Is it too early for a newspaper industry obituary — or too late for prayers?
With journalism degree in hand, I embarked on my newspaper career in 1986 at the News Tribune in Jefferson City, the state capital of Missouri. I was quite eager to put my newly minted journalism skills to work at a “real world” newspaper after paying my dues at the University of Kansas’ student newspaper.
One day after I started my job as a reporter in Jefferson City, one of the biggest news stories of my life shocked the nation: The Challenger space shuttle exploded in midair, killing all seven crew members on board. I, like so many other Americans, was stunned by the disaster.
For me, though, it was more than a national tragedy; it was a stark reminder of why I chose a career in journalism.
I yearned to tell stories, to inform the public, to chronicle events. The Challenger tragedy underscored my dedication to a career in the newspaper business — a business that now is in the rearview mirror for me along with thousands of other Americans.
New figures from the U.S. Bureau of Labor Statistics indicate just how far the newspaper industry has sunk.
From January 2001 to September 2016, the newspaper business lost more than half of its jobs, the bureau says. In a little over 15 years, the industry’s headcount plunged from 412,000 to 174,000, a drop of 58 percent.
We all are aware of the culprit in the massive employment drop-off in the newspaper business: the internet. But the bureau’s new data demonstrates just how swift and substantial the paper-to-digital transition has been. Employment by internet publishers and web portals climbed from 67,000 jobs in January 2007 to 206,000 in September 2016, the bureau says. That’s an uptick of 207 percent.
When I first came across the bureau’s statistics, I felt a tinge of sadness.
The industry I adored as a reporter and editor — and still love — is disintegrating right before me, at least in its current form. And it’s hard to imagine this trend will be reversed. Newspapers continue to adapt to the digital age, but they’re struggling to turn a profit with internet ads.
Twenty years into newspapers’ entry into online ventures, “many are stuck between a shrinking market for their print product and an unsuccessful experiment with digital offerings,” according to a paper published last year in Journalism Practice.
The authors go on to say their research findings — essentially that print products reach considerably more readers than “supposedly promising” digital products — raise doubts about the technology-driven strategy of U.S. newspapers and demand “a critical re-examination of unchecked assumptions about the future of newspapers.”
To be sure, many folks in the newspaper business are undertaking critical re-examinations of both their print and digital products.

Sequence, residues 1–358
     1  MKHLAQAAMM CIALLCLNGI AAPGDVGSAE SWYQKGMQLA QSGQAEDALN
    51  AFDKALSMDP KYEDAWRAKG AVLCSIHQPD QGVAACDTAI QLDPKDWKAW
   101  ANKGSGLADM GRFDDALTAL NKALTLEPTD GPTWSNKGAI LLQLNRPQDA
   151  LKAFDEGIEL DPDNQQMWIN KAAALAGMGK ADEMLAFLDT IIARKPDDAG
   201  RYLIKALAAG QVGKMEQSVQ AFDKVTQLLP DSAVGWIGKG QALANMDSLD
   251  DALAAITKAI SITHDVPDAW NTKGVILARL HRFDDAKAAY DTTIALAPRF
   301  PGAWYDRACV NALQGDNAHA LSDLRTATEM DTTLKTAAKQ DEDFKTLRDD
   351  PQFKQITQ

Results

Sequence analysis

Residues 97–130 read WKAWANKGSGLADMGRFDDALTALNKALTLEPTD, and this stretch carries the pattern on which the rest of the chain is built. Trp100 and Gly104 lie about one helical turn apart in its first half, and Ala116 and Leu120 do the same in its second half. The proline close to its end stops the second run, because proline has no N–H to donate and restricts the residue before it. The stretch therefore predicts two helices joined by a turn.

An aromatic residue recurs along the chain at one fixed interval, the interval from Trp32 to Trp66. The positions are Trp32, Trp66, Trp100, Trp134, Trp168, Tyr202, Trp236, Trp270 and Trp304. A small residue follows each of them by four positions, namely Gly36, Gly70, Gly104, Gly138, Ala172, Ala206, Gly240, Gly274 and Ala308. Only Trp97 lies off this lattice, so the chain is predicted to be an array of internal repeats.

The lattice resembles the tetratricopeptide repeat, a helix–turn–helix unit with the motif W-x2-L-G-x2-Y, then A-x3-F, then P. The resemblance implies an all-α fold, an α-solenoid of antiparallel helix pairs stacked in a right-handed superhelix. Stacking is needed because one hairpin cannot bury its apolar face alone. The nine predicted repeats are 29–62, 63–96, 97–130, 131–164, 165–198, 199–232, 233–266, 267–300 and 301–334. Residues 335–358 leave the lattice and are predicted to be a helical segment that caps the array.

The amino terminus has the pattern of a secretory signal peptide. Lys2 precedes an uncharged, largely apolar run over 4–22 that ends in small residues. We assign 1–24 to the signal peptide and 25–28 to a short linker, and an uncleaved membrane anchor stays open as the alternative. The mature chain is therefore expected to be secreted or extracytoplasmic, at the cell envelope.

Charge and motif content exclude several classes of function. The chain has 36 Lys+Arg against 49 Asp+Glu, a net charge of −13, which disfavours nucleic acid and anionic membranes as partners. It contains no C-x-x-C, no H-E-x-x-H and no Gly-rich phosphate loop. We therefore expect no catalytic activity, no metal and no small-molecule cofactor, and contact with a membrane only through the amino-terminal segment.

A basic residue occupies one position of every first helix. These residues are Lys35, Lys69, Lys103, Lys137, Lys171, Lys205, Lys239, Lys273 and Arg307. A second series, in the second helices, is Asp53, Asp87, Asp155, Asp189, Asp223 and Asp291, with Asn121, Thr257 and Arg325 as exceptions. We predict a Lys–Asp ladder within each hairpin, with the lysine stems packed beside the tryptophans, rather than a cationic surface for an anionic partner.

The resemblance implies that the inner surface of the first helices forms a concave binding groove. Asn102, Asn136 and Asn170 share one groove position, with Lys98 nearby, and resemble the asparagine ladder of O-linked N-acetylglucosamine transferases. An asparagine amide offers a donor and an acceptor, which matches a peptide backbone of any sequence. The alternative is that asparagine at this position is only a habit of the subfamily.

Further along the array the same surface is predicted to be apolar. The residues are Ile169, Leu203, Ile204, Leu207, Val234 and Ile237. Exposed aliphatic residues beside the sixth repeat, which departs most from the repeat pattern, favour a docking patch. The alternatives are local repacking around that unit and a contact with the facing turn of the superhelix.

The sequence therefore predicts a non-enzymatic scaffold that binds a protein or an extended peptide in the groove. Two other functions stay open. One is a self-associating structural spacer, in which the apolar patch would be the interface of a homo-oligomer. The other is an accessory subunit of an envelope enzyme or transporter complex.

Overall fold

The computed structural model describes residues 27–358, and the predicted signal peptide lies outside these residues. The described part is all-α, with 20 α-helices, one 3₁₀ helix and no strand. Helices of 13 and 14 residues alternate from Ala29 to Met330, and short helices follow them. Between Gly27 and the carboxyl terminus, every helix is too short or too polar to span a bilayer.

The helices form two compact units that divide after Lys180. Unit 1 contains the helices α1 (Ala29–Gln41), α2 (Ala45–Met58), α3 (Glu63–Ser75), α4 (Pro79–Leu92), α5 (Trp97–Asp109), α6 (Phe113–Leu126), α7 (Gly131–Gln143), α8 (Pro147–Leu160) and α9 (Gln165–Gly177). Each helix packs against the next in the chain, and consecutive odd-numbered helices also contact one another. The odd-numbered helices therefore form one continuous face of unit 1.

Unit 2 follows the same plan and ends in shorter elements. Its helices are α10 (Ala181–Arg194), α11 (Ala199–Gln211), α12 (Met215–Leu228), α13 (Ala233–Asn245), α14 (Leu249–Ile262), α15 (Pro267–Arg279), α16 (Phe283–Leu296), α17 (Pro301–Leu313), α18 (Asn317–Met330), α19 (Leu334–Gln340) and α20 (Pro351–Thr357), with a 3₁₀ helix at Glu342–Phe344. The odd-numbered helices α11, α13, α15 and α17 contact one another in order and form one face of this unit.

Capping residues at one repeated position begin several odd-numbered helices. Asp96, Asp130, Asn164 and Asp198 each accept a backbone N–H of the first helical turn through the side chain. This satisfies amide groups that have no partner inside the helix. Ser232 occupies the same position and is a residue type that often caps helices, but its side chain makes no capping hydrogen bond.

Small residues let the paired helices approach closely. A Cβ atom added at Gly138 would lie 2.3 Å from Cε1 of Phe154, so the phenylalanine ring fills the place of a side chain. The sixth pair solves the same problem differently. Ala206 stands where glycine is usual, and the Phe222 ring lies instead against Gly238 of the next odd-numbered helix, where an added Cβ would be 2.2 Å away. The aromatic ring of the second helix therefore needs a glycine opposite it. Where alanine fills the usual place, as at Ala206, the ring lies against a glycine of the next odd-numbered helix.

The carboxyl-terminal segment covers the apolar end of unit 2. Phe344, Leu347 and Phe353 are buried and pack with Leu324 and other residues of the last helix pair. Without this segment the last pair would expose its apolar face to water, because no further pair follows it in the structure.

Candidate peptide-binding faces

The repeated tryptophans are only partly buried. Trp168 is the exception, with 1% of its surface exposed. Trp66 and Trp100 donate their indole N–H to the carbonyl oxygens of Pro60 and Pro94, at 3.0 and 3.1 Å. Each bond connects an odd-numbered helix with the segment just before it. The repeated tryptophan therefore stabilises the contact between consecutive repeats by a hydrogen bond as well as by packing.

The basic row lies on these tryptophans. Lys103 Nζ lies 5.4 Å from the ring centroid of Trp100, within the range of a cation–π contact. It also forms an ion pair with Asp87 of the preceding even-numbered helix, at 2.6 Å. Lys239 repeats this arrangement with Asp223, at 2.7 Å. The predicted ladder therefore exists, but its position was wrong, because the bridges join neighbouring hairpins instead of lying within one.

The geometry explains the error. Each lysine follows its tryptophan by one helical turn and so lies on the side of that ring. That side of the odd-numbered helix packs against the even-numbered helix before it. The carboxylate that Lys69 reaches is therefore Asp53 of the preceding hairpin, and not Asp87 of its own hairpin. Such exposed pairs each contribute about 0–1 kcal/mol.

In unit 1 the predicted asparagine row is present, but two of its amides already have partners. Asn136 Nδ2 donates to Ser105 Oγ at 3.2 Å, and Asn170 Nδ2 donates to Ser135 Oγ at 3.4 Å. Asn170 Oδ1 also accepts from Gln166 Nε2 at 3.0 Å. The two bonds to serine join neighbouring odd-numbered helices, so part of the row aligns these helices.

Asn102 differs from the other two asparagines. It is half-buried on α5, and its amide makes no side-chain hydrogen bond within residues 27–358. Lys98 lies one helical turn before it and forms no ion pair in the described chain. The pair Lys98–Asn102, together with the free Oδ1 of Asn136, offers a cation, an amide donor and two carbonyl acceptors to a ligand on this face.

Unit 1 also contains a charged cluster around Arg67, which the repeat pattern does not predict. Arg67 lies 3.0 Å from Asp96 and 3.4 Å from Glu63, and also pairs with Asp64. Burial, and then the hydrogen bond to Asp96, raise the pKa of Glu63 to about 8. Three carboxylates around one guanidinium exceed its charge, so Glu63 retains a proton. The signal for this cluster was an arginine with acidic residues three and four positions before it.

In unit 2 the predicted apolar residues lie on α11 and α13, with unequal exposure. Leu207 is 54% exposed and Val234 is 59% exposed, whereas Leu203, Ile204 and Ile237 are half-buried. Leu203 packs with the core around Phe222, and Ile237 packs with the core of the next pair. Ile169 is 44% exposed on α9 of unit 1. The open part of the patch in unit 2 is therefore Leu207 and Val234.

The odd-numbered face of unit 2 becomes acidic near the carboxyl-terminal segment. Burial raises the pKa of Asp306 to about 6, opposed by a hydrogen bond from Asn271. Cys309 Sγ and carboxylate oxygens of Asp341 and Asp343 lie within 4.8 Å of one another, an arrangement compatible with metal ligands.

More than 30 years after graduating from journalism school, I’m satisfied to be out of the newspaper business, and given the state of the industry, I highly doubt I’ll return. My last full-time newspaper gig ended in 2006, when I stepped down as editor of the Austin Business Journal.
I felt blessed to have had the opportunity to be a member of the Fourth Estate, but it was time to move on.
Perhaps a sense of restlessness had set in. Whatever the case, I decided to dive into freelance writing and PR, and then switched to content marketing in 2010 — a notion that would have been horrifying to me when I was a newspaper journalist.
Today, I’m professionally invigorated by content marketing, as it challenges me to be a journalist, a blogger, an editor, a graphic designer and a data cruncher, all rolled into one role. However, I’ve got to acknowledge that I occasionally become wistful when pondering what it would be like to work in newspaper journalism again, at a time when news from the nation’s capital, from across the country and from around the world is swirling around us like a hurricane.
Yet reality pulls me back from that wistful thinking. For one thing, I know that the newspaper industry is bleeding red ink. For another, I know that newspaper jobs aren’t terribly lucrative; content marketing is more financially rewarding.
Newspapers remain a crucial, albeit not so sturdy, underpinning of our society.
As noted by Politico’s senior media writer, Jack Shafer, we rely on newspapers to report on the workings of our government, of the business sector and of influential major institutions.
“They [newspapers] still publish a disproportionate amount of the accountability journalism available, a function that’s not being fully replaced by online newcomers or the nonprofit entities that have popped up,” Shafer wrote in 2016. “If we give up the print newspaper for dead, accepting its demise without a fight, we stand to lose one of the vital bulwarks that protect and sustain our culture.”
Certainly, the print newspaper is not dead. But even back when I was working in Jefferson City, I heard talk about the dwindling circulation of our morning print edition. Why? Because subscribers were dying. And as a big segment of today’s newspaper readership — baby boomers — grows older and dies, will the print newspaper survive?
The journalist-at-heart part of me (the more romantic side) hopes it will.
The content-marketing part of me (the more realistic side) thinks it won’t.
It’s difficult to whip up too much optimism when so many people around you rarely, if ever, have their hands stained by newspaper ink. But for someone who practically had newspaper ink running through his veins, it is more tempting to be nostalgic and positive than it is to be forward-thinking and pessimistic.
John Egan is a writer, editor and content strategist in Austin, Texas.
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